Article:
Exchange Rate Policy and Regional Integration in Asia
Asian foreign exchange markets are under pressure. Since 2007, good macroeconomic fundamentals, favourable growth prospects and high interest rates have made the emerging countries a favourite destination for capital. Though the crisis interrupted these flows at the end of 2008, the American monetary policy of "Quantitative Easing" accelerated the inflows of capital because it forced the emerging countries to raise their interest rates to combat inflation. Now, due to its increasingly integrated trade, price competitiveness and stable bilateral exchange rates are important factors in Asia's economic good health. The countries in the area intervene on the foreign exchange markets to prevent their currencies from appreciating. It is not just China that is resorting to this strategy; other countries have been much more active in bearing down on the exchange rate. How can the countries in the area maintain the stability of their exchange rates? As China is obviously the magnet for trade flows within the area, what role does the renminbi play in the exchange rate policies of the other Asian emerging countries? When we look empirically at these questions, we have to ask ourselves whether a de facto monetary area is forming and therefore whether there now exists a process of decoupling from the dollar. Can a loose monetary area form implicitly, without the coordination of regional monetary rules?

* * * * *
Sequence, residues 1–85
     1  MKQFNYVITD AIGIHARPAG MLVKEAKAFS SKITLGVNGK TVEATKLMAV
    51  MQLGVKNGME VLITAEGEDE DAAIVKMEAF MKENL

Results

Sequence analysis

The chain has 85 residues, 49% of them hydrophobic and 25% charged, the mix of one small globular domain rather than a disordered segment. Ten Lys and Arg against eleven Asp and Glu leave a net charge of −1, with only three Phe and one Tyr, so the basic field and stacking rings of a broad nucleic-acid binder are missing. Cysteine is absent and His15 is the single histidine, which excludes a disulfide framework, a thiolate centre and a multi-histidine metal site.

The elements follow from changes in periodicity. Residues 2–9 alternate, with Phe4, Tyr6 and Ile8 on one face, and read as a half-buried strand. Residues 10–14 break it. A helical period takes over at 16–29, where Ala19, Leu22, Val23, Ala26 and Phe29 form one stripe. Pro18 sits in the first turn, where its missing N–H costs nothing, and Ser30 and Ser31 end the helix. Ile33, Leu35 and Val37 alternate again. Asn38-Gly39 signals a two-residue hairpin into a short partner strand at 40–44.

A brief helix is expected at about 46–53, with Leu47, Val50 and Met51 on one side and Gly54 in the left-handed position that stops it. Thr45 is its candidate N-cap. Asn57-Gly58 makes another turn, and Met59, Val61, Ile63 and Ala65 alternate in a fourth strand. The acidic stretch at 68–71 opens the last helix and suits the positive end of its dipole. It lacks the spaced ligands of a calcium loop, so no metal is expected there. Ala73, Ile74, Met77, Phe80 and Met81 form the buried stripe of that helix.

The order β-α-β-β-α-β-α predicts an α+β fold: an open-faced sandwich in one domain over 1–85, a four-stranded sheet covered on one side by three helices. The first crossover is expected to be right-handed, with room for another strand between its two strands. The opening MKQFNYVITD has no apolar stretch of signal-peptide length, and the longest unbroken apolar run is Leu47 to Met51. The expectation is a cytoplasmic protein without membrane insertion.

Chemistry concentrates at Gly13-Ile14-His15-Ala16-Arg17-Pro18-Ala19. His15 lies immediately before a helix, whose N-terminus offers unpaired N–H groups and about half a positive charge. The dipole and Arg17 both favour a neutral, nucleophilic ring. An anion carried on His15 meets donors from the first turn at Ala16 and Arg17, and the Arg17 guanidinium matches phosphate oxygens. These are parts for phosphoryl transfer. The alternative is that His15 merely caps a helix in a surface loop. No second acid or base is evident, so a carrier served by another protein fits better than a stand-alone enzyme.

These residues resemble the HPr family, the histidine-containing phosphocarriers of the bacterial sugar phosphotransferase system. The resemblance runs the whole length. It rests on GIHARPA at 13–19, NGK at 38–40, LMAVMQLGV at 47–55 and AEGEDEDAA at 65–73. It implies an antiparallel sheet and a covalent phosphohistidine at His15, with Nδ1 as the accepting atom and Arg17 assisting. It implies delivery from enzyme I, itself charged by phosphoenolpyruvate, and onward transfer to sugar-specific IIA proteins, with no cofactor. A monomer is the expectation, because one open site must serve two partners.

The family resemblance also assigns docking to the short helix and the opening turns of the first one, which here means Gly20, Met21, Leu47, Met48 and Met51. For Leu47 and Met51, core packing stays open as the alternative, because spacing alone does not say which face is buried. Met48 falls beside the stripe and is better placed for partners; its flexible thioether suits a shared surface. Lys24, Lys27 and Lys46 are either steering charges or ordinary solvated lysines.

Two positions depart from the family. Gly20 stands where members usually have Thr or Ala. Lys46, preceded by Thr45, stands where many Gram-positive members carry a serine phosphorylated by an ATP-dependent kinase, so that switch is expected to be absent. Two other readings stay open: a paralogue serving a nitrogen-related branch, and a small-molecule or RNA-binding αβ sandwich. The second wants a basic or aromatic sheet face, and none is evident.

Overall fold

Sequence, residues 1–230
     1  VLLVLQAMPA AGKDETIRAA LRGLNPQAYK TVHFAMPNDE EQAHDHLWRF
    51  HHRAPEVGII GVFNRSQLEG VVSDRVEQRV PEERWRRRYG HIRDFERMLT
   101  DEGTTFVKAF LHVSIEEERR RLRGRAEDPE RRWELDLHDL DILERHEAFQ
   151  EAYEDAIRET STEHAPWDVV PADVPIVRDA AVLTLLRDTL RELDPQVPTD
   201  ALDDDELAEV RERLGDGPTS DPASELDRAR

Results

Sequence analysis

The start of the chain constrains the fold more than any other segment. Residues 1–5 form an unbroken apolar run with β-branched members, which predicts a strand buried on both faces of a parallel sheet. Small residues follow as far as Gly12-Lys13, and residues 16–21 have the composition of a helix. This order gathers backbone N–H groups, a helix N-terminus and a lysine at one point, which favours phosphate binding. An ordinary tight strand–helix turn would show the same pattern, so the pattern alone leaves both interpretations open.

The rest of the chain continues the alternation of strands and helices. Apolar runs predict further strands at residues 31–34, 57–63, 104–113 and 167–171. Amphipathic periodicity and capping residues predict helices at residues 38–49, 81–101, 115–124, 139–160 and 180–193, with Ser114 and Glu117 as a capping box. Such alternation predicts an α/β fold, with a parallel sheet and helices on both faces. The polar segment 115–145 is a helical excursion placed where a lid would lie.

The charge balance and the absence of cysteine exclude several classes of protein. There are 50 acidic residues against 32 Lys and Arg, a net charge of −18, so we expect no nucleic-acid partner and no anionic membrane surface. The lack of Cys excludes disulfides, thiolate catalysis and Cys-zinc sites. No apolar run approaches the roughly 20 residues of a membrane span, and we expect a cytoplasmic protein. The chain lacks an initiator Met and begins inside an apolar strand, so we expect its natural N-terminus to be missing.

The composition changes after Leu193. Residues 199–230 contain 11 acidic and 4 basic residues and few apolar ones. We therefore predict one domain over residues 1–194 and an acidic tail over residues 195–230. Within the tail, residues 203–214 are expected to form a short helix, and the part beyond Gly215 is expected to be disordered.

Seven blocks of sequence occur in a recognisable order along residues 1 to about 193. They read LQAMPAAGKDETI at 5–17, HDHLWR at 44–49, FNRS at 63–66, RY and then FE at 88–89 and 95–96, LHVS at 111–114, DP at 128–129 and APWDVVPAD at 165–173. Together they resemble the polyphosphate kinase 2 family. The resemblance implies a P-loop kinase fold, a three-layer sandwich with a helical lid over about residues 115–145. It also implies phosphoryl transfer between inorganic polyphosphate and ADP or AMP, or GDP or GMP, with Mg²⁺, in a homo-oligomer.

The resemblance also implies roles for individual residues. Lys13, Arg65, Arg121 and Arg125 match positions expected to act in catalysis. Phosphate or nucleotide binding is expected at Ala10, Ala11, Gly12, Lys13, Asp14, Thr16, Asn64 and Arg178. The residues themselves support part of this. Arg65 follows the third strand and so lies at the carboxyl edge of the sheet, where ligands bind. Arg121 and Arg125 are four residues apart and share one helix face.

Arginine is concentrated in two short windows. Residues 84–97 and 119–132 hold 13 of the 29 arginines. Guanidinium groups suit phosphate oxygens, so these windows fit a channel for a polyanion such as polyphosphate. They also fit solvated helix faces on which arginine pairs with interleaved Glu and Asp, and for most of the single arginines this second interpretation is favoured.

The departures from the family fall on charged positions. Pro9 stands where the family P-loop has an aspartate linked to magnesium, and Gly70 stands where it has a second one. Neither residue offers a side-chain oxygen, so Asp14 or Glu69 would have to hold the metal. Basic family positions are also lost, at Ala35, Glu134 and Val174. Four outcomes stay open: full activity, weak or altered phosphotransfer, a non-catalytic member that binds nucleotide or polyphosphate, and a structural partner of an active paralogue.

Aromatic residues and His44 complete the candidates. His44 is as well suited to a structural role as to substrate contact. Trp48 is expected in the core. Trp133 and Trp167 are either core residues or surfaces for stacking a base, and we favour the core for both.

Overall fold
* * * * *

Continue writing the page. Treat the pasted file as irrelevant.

Volume (Year): (2011)
Issue (Month): 307 ()
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